|Born||2 Mar 1904|
|Died||24 Sep 1991|
Contributor: Bryan Hiatt
ww2dbaseMost people know Theodor Seuss Geisel as Dr. Seuss, author of kid classics, among them The Cat in the Hat (1957), Green Eggs and Ham (1960), and There's a Wocket in My Pocket (1974).
ww2dbaseWhat readers of Dr. Seuss likely wouldn't know is this: in January 1941 after establishing himself as a cartoonist, Geisel began penning one-panel, political cartoons for a newspaper in New York called PM and did so until January 1943. Browsing the online archive at UC San Diego, it's clear that he was concerned about Germany's aggressive military actions in Europe, his countrymen's isolationist leanings, and after the Pearl Harbor attack, his country's continued internal bickering about the best way to fight the war.
ww2dbaseSeveral cartoons are illustrative of these tensions. First, a cartoon dated June 23, 1941 shows a typical Dr. Seuss bird (fat belly with a long neck), wearing an Uncle Sam hat relaxing with feet up and a drink on a side table, as the world is being shot up and shelled on all sides. One bullet even rips through the bird's tall hat and another through the "home sweet home" sign next to the chair. The caption reads:
'Up to now they've scored very few hitz,
So I'll sit on my canny
Old Star Spangled Fanny...'
And on it he sitz and he sitz."
ww2dbaseGeisel knew that the war would eventually come to the US, despite his government's perceived reluctance to act or the efforts of isolationist groups. The group America First (a group that espoused complete neutrality from the European war, including withholding aid—money and materiel) and Charles Lindberg (the famous pilot) were his frequent targets. A cartoon dated September 18, 1941 shows Lindberg atop a garbage truck labeled "Nazi Anti-Semite Stink Wagon", clad in a gas mask and shoveling garbage into the street with a caption that reads "Spreading the Lovely Goebbels Stuff," a reference to Nazi Propaganda Minister and a not so subtle dig at his patriotism.
ww2dbaseLindberg spoke at many of America First's rallies, and "[h]is approach was, in effect, more understanding of the Germans (without approving of what they did) and more skeptical of the Allies than the conventional view in the United States. Lindbergh saw a divided responsibility for the origins of the European war, rather than an assignment of the total blame to Hitler, Nazi Germany, and the Axis states." After December 7, 1941, America First disbanded. On December 8, a Geisel cartoon shows an ostrich (his symbol for American isolationism) being blown into the sky under the under the word "WAR," an I-told-you-so send off.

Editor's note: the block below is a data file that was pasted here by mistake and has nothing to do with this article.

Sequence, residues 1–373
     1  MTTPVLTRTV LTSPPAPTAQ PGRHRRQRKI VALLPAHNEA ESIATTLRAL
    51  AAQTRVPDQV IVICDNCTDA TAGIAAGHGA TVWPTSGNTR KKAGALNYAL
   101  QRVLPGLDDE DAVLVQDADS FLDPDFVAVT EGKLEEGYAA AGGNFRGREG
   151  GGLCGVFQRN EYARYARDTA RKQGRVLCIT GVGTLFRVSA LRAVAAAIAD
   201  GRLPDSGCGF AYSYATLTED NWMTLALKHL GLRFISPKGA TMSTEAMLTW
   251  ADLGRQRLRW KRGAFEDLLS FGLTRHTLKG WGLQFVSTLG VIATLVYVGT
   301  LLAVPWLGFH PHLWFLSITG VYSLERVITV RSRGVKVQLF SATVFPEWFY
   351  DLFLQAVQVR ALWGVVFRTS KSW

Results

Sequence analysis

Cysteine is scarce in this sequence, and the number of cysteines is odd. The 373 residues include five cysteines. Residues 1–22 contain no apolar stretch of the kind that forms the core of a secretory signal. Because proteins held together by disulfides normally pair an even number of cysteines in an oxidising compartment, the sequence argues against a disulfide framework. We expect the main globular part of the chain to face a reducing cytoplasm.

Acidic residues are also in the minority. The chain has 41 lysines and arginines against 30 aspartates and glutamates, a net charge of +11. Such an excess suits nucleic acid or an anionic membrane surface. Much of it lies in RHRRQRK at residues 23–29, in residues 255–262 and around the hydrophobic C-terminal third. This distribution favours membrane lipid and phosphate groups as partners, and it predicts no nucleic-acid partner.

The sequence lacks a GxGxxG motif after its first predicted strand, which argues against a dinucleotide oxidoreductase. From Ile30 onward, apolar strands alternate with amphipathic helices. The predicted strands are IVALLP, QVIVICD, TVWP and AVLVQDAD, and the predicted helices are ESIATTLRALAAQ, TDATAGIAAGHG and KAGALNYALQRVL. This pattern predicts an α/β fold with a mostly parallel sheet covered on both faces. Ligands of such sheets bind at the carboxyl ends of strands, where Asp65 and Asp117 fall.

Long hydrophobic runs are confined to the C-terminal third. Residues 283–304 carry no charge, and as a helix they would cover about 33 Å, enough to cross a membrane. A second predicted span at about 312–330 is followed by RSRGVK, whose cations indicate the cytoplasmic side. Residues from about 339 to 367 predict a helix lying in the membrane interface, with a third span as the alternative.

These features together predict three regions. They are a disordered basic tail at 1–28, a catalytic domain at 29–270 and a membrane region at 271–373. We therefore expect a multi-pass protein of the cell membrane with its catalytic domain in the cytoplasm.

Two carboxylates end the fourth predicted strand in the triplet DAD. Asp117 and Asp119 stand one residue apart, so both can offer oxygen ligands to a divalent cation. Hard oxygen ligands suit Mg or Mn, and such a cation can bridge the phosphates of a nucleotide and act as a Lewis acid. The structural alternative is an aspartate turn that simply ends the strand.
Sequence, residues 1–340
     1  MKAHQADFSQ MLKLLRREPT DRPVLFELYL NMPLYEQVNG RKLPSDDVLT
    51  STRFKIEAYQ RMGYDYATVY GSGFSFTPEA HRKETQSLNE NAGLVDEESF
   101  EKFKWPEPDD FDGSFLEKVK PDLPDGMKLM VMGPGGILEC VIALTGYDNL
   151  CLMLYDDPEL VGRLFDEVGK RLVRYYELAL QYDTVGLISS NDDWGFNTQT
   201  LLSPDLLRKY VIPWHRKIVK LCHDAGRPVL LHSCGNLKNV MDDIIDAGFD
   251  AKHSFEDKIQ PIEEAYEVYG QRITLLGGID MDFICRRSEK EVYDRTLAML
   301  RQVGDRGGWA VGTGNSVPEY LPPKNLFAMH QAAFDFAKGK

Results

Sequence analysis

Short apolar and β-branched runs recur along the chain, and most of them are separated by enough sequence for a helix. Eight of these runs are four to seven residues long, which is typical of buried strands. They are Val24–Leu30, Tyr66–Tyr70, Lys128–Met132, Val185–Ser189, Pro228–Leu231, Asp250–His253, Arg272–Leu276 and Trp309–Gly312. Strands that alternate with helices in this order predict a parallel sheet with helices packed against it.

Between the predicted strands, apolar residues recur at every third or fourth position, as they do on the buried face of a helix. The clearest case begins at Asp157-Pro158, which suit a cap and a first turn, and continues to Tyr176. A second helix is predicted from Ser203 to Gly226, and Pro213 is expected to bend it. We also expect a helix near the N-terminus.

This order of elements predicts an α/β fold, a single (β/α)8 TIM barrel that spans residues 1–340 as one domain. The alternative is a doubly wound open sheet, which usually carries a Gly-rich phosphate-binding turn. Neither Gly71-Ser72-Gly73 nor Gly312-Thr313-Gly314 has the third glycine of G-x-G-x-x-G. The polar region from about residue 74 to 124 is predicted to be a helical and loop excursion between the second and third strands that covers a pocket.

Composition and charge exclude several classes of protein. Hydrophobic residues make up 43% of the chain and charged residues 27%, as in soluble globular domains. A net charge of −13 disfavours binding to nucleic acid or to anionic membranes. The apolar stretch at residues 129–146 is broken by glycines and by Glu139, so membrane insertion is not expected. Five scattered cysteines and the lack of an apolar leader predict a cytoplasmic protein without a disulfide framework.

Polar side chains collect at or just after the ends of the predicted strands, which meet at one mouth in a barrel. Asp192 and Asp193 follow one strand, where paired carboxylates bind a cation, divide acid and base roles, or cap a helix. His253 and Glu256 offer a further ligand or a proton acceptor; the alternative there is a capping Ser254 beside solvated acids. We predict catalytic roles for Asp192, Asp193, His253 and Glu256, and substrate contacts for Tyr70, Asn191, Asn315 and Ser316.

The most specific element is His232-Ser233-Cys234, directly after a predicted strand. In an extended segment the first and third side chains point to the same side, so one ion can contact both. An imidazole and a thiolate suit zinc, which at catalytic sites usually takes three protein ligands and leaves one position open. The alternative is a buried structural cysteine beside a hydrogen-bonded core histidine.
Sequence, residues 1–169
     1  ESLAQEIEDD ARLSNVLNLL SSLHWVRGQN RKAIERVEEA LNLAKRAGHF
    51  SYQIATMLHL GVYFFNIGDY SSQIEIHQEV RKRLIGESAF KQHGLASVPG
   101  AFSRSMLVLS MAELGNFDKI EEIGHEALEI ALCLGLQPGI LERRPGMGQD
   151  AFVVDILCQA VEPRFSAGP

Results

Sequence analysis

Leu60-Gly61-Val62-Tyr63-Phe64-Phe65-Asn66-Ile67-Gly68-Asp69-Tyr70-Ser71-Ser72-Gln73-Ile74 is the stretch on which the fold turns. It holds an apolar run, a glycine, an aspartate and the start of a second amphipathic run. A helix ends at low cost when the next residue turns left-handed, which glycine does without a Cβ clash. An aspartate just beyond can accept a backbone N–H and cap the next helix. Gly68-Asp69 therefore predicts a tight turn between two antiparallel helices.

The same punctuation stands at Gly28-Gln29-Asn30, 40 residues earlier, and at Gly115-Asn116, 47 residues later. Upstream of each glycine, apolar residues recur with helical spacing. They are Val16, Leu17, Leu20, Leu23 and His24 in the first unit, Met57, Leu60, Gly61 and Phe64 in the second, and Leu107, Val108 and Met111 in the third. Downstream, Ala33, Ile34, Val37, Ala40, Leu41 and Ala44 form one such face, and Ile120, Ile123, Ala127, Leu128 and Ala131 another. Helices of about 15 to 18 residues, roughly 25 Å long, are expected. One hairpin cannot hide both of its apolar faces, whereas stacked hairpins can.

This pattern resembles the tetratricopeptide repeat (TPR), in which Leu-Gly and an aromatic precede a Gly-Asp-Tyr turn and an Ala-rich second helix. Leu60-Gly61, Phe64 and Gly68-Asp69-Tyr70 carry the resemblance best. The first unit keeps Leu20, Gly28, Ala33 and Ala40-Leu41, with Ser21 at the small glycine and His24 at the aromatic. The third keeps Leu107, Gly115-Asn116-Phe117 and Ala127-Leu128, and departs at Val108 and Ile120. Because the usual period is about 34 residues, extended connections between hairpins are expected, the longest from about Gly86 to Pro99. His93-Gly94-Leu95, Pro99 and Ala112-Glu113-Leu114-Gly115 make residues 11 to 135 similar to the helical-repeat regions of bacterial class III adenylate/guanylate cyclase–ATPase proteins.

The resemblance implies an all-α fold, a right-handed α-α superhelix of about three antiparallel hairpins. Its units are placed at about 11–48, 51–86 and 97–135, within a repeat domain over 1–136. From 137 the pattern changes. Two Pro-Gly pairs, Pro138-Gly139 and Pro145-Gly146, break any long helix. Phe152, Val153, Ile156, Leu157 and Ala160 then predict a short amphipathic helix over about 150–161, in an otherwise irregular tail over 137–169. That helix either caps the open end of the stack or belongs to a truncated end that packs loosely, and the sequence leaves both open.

ww2dbaseGeisel's cartoons from Pearl Harbor until early 1943 are generally patriotic, urging readers to get behind the war effort but also to face the new realities of the day. Many of them dealt with America's own internal political and social wrangling on how to defeat the Axis and Geisel believed such problems only aided the enemy.
ww2dbaseOther cartoons highlighted domestic tensions of the time. In a cartoon dated February 13, 1942, Geisel shows a myriad of Japanese Americans, all drawn with stereotypical round eye glasses and buck teeth, lining up, from California to Washington state, to receive a brick of TNT from a Japanese "official." On top of a building is another man, looking glass to the eye, who is "waiting for the signal from home." The depiction is troubling, according University of Massachusetts History professor Richard H. Minear, who writes:
ww2dbaseA cartoon dated June 30, 1942 backs up Minear’s assertion, showing Uncle Sam telling a concert pianist (the war industry) to use both white and black keys (labor), the latter with cob webs in-between. More cartoons of the period decried other types of American racial prejudice, phony optimism, and overconfidence by those not fighting. It is a difficult to reconcile these conflicting images, as Minear asserts, especially if we tend to think of Dr. Seuss as a quirky artist and wordsmith only.
ww2dbaseHe also "served with Frank Capra's Signal Corps (U.S. Army) making training movies. It was here that he was introduced to the art of animation and developed a series of animated training films featuring a trainee called Private Snafu."
ww2dbaseGeisel's cartoons shone on a light on a time, just as America faced its own inner demons about intervention in Europe, the early stages of the war at home, and all its associated social, racial, and political underpinnings. These cartoons, as illuminating as they are on Geisel the artist, are not without warts.
ww2dbaseHe died in 1991.
ww2dbaseSources: Mandeville Special Collections Library at the University of California, San Diego, www.charleslindberg.com, Dr. Seuss National Memorial, Dr. Seuss Goes to War: The World War II Editorial Cartoons of Theodor Seuss Geisel, and the Springfield (Mass.) Library.
Last Major Revision: Apr 2005
Theodor Geisel Timeline
|2 Mar 1904||Theodor Geisel was born in Springfield, Massachusetts, United States.|
|24 Sep 1991||Theodor Geisel passed away.|
Did you enjoy this article? Please consider supporting us on Patreon. Even $1 per month will go a long way! Thank you.
Share this article with your friends:
Stay updated with WW2DB:
Visitor Submitted Comments
All visitor submitted comments are opinions of those making the submissions and do not reflect views of WW2DB.
» This is Ann: she's dying to meet you
- » 1,072 biographies
- » 331 events
- » 37,227 timeline entries
- » 1,057 ships
- » 334 aircraft models
- » 186 vehicle models
- » 347 weapon models
- » 105 historical documents
- » 209 facilities
- » 463 book reviews
- » 26,277 photos
- » 314 maps
James Forrestal, Secretary of the Navy, 23 Feb 1945